A good set of knives is an asset to the kitchen. Having a range of knives for paring, chopping, slicing, and boning can realise your dream of being a home chef.
“However, investing in a good set of knives is as important as caring for them properly. Using the right knife care can not only increase its longevity but can impact its performance too. Besides, a dull knife can be dangerous and is likely to cause an injury more than a sharp one,” said Rajesh U Pandya, managing director, KAI India.
Below, he shares some simple tips to keep your knives in good condition and increase their life.
Wipe and stow away the knife: Do this right after you finish using your knife. This is important because leaving a used knife as it is will allow the vegetable, fruit, fish, and meat residues to collect on it. This will foster the growth of harmful bacteria that can get into your body later. A study by the University of Georgia shows utensils can spread bacteria such as E. coli and salmonella between different types of produce, which could lead to food poisoning.
Hand wash and dry them properly: Dishwashers produce a large amount of force to clean the utensils. This can harm your knife and reduce its edge as well as sharpness. Always hand wash your knives with gentle dish soap. Do not use a scrub pad, be careful while you wash the blade. Initially, you may want to use a pair of gloves to save your fingers. Do not use soaps with citrus extracts or bleach as they can cause rust. Rinse the knife and towel dry immediately. Make sure that all of the water and moisture have been dried off the sharp cutting edge before you stow it away.
Avoid leaving knives in the sink or in the utensil drawer: The edges of a knife are sharp and rubbing against a surface constantly can make it blunt. If you leave your knife in the kitchen sink before washing or in the utensil drawer after it, chances are its blades are constantly rubbing against other utensils. While this may cause gashes and marks on the utensils, it is more harmful to the knife as they may lose their sharpness and utility.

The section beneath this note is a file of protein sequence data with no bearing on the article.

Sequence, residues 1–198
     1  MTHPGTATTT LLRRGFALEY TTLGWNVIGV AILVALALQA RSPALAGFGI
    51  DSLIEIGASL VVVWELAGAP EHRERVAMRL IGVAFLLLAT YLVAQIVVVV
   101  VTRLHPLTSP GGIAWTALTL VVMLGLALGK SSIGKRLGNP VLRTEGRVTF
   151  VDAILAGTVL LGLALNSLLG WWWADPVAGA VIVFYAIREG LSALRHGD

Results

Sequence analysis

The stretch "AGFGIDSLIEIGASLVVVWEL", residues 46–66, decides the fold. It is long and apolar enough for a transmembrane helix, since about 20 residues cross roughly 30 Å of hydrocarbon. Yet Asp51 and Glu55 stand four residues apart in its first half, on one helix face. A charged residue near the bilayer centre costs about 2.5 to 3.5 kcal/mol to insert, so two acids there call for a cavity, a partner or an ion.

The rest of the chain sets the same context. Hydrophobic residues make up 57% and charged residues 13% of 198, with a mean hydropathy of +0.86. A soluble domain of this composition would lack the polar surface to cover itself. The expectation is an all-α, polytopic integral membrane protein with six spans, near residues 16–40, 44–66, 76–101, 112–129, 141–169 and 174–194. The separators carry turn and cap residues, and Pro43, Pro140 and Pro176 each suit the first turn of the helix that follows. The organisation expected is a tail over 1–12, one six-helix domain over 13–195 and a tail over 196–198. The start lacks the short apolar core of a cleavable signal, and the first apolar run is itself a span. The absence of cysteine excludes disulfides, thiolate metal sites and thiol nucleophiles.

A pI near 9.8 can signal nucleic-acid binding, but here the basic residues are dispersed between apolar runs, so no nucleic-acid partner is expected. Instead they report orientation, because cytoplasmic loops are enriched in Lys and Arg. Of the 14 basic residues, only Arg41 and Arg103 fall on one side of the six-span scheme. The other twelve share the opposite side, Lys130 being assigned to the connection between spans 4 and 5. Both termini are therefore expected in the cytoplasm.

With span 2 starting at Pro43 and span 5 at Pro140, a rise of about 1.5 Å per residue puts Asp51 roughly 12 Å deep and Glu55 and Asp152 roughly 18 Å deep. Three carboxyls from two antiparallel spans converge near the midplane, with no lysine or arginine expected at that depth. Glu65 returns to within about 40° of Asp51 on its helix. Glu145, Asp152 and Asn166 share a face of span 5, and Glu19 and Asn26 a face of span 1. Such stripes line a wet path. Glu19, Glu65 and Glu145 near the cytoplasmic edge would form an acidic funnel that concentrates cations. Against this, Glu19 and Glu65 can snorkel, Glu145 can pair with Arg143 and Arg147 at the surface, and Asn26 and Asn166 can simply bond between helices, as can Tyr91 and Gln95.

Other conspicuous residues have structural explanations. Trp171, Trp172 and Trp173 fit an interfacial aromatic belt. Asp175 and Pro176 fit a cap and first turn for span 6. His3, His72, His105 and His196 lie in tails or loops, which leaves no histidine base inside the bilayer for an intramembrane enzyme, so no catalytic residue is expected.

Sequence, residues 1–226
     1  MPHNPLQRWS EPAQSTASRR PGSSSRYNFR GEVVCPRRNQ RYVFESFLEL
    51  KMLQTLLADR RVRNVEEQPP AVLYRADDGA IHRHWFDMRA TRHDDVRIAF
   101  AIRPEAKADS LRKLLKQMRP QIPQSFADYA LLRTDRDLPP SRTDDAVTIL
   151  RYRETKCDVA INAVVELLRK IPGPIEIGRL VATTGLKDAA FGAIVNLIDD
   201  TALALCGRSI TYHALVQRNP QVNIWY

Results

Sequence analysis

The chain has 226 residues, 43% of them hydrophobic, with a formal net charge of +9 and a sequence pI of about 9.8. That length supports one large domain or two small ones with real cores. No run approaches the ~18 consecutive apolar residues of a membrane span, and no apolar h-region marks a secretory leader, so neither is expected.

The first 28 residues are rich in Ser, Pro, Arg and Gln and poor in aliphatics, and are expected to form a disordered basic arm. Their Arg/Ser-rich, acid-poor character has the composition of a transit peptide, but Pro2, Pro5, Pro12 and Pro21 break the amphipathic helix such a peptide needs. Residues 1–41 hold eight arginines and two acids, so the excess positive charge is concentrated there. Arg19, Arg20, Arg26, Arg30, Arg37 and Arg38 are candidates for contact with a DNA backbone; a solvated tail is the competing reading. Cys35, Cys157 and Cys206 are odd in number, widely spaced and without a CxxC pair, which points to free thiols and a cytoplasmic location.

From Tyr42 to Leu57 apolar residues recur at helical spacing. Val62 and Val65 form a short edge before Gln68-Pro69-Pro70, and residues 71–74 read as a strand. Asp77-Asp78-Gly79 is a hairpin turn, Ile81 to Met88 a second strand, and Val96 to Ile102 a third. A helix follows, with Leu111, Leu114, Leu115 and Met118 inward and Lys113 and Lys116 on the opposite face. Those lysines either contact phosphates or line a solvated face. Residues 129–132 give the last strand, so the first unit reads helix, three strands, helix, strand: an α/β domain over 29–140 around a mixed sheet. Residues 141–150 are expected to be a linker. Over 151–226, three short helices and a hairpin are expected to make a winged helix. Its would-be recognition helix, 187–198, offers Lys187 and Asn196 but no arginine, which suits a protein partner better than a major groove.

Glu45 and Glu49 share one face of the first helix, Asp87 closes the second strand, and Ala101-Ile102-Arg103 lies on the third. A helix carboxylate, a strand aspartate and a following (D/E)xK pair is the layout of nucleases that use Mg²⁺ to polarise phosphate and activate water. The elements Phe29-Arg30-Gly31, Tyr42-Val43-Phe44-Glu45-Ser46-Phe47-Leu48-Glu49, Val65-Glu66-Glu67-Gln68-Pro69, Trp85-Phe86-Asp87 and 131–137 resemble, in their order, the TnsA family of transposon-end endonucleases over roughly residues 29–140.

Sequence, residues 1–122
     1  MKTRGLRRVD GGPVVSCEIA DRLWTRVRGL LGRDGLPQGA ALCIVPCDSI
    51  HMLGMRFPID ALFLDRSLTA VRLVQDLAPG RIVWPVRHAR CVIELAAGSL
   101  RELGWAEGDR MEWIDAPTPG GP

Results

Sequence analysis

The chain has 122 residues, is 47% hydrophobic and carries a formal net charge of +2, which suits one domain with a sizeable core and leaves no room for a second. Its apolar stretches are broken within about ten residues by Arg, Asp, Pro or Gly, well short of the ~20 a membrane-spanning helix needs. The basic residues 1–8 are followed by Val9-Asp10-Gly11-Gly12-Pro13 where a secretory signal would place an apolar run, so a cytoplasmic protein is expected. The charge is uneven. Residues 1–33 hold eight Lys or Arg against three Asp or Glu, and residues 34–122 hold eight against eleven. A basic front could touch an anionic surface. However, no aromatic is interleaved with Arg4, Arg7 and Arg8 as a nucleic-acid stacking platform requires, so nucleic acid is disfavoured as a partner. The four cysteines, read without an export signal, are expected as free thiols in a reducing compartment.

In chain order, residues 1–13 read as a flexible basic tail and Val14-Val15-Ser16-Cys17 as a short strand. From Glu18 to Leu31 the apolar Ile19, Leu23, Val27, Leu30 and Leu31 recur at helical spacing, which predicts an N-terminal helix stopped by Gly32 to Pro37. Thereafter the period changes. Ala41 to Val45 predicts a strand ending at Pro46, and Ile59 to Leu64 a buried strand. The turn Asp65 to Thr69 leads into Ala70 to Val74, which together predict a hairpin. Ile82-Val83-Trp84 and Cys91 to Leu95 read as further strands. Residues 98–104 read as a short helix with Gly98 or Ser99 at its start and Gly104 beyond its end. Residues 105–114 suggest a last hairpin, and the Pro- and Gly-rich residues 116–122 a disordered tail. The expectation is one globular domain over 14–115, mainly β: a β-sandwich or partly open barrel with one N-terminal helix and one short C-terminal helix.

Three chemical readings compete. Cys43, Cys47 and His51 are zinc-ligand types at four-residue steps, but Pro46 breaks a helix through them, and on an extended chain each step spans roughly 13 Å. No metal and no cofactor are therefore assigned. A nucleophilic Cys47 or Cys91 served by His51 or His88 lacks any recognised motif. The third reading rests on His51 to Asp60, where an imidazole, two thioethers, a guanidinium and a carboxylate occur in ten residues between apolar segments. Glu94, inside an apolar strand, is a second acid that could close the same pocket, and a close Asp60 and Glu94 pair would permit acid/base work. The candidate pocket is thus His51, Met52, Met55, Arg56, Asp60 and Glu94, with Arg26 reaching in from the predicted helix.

Use a chopping board: They are the best and lifelong friend of your knife. As the name suggests, the purpose of this kitchen tool is not only to organise your cutting process but also to provide a cushion to the sharp blades of your knife. This is because if the blades hit a granite countertop constantly, the blades may be dented. If you use your hands as the base, chances are you will injure yourself. Choose a wooden chopping board, especially for meat and flesh, to be able to clean them easily and avoid the transfer of harmful bacteria.
Sharpen the knife from time to time: As much as your chopping and cooking skills, hone your best friend, your knife, occasionally. This will save you a range of problems – from an injury to an embarrassment. Sharpen your knife once a year either at home with a whetstone or seek professional help.